Success. Webster’s dictionary specifies it as “The accomplishment of something desired, planned, or attempted; the acquiring of fame or prosperity.”Although to truly understand the meaning of success, one requires to understand the relationship in between success and goals. Success can merely be achieving your objectives, but can also have a deeper meaning, such as individual growth. In the book A Raisin in the Sun, by Lorraine Hansberry, the Younger’s, Walter and Lena specifically, are portrayed as a normal African American family in the 1950’s, attempting to fight the bias that haunt every aspect of their lives.
Lorraine Hansberry takes us through the journey of the Younger’s as they try to accomplish their dreams and attain success. Overall, regardless of the challenges they face such as bigotry, sexism, and dishonesty, Walter Lee and Lena “Mamma” Younger achieve success to certain extents; Walter achieves complete personal success and Mamma is completely effective in her goal to buy a home for her kids and Travis.
Walter Lee Younger reaches individual success by achieving individual development and improvement. In the beginning of this book, Walter is careless and self-centered which is revealed through numerous events such when Mom informs Walter “Ruth is thinking ’bout eliminating that child.” (75) And later “Walter … has obviously been drinking.” (pg. 77) Essentially, Walter finds out that his other half is pregnant and thinking of getting an abortion, and being the irresponsible selfish man he was, he went out and got drunk. Furthermore, we find out that Walters’s investment did not exercise and Mother asks him about his sis Beneetha’s money and he says “Mom … I never … went to the bank at all …” (pg. 129) This quote indicates how absolutely conceited he actually was, to throw all of his sister’s cash set out for her tuition just for his own investment.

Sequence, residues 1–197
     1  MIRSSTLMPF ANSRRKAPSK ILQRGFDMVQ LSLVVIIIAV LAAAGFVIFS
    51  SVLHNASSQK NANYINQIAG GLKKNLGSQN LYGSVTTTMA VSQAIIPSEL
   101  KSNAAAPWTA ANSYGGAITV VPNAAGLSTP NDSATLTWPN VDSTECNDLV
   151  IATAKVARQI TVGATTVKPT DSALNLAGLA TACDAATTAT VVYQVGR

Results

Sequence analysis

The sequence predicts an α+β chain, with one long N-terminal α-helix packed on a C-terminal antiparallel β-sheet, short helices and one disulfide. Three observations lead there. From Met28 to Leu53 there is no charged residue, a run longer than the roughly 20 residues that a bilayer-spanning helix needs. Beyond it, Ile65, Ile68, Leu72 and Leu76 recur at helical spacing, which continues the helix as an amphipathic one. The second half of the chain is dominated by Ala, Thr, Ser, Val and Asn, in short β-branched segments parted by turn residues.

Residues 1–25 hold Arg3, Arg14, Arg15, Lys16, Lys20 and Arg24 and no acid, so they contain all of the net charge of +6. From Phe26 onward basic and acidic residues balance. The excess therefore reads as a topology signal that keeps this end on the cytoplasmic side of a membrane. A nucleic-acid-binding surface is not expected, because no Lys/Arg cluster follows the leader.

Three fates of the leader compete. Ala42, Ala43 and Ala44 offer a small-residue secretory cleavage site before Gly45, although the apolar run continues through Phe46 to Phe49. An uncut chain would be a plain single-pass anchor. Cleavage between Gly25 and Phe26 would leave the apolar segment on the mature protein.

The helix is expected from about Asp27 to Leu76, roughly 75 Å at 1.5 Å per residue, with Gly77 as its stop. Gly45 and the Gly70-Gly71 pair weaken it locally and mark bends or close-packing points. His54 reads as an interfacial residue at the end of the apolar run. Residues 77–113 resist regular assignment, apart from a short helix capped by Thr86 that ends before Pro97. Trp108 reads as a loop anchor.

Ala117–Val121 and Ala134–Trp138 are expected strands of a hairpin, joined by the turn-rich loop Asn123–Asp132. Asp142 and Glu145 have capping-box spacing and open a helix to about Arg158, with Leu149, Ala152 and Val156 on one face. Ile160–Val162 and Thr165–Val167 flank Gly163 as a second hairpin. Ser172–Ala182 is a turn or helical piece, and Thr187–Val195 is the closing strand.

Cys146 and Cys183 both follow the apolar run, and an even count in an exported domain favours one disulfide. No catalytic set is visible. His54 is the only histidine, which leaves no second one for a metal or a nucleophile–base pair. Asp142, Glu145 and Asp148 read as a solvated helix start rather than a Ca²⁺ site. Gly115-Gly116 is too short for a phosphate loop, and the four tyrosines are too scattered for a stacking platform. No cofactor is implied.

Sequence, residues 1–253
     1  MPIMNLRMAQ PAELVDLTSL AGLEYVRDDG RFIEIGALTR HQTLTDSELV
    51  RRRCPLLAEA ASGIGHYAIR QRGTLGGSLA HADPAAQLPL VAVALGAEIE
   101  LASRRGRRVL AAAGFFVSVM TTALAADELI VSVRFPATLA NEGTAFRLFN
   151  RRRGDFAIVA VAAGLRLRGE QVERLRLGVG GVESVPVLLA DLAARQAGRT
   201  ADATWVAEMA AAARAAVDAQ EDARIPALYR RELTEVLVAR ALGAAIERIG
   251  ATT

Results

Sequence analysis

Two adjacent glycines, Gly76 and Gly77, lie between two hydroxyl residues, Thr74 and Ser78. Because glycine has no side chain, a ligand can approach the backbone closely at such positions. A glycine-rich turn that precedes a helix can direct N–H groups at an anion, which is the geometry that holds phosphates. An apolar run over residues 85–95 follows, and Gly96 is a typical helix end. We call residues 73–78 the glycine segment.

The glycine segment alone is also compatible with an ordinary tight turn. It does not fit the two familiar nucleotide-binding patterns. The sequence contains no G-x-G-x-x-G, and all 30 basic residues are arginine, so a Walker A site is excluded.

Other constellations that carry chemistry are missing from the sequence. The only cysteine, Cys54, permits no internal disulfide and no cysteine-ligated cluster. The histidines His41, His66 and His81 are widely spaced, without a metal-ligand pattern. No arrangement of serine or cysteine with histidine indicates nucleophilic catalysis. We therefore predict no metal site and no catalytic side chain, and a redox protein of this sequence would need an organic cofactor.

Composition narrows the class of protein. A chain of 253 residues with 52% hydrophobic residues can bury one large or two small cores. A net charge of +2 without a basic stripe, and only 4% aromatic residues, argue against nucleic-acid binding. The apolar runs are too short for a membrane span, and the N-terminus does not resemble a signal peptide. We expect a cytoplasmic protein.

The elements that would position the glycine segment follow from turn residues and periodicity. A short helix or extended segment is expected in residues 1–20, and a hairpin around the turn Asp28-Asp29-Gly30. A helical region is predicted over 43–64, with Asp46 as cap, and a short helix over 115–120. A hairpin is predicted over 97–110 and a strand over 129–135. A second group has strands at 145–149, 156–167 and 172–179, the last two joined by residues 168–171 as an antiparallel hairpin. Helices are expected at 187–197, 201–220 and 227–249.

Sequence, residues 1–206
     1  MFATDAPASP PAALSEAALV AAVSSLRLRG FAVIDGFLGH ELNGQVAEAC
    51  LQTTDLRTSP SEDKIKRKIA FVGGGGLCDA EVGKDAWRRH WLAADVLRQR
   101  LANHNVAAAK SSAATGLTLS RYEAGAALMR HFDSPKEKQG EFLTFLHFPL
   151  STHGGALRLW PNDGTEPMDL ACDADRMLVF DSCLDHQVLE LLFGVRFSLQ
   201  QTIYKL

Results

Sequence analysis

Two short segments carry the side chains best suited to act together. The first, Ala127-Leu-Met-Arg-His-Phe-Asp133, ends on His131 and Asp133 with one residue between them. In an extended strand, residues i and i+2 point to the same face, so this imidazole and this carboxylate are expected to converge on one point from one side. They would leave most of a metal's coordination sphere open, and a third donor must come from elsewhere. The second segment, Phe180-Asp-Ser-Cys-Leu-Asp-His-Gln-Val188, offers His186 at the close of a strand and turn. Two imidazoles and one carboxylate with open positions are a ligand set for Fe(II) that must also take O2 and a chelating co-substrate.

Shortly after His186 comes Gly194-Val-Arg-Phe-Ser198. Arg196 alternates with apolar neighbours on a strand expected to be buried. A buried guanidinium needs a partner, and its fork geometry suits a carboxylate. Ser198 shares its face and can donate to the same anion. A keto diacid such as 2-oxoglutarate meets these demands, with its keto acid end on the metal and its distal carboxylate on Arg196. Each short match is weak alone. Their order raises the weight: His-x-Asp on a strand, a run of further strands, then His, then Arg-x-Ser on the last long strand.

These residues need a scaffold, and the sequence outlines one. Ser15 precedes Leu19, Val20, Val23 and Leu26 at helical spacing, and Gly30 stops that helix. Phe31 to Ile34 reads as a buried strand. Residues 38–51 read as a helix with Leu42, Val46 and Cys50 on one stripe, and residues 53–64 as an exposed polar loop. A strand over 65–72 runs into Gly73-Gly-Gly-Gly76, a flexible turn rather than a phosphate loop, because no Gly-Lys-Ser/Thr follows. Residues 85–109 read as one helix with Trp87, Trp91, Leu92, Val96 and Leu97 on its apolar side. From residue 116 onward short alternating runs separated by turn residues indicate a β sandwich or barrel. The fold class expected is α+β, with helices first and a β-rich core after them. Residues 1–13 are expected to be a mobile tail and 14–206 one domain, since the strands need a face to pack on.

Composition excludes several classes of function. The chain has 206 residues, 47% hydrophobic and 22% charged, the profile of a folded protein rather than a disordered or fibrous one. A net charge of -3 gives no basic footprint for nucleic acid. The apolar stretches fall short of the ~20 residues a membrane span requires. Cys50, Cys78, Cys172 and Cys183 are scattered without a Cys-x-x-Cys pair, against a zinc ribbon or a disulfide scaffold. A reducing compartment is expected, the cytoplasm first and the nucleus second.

It likewise reveals that he no longer has any self worth or pride in himself or his family, which is undoubtedly significantly valued throughout the family. At the end he winds up losing the money, for which many people would look at him as not successful, but at the end of the book, he truly does he redeem himself. On pg. 148 Walter invites Linder over and plans on forfeiting any pride left and getting on his knees to beg for money, but rather something unbelievable takes place.
His designated message was forgotten when he considers his child and household and a restored sense of self worth and worth has him as he says “We have decided to move into our house because my father- my daddy- has made it for us brick by brick … we don’t want to make no trouble for nobody or fight no causes, and we will attempt to be excellent neighbors.” (148) Through this one quote, Walter’s self development appears as he lastly defends his family and shifts into a truthful, caring male as opposed to the self-centered young boy he was at the beginning of the book. As an outcome of this personal growth, Walter Lee Younger has obtained absolute individual success.
Throughout the book A Raisin in the Sun, Lena Younger, aka Mom, has been represented as the overbearing, however caring mom and grandmother whose primary objective appears to be to purchase a genuine house for her children and grandchild. This objective is made evident on when she finally buys your house and says “Well- at least let me inform him something, I want him to be the very first one to hear … Come here, Travis.” (pg. 90) This quote shows her obvious love and fondness for her beloved grand son and in the future she states “You happy about the house? It’s going to be yours when you get to be a guy.” (pg. 91)
These quotes clarify her dreams to move into a brand-new house to make Travis delighted and they are accomplished when after Walter’s speech, Linder concerns her approval and she strongly states that “My child stated we was going to move and there ain’t nothing left for me to state.” (148) Lorraine Hansberry then ends her book with the Younger’s lastly leaving their apartment behind, revealing that in the end, Mom did achieve her dream and achieved success in her goal of moving into a brand-new house for her family.
Throughout Lorraine Hansberry’s book A Raisin in the Sun, Lena and Walter Lee Younger deal with lots of bias and obstacles in the method of achieving their dreams, but in the end they succeed.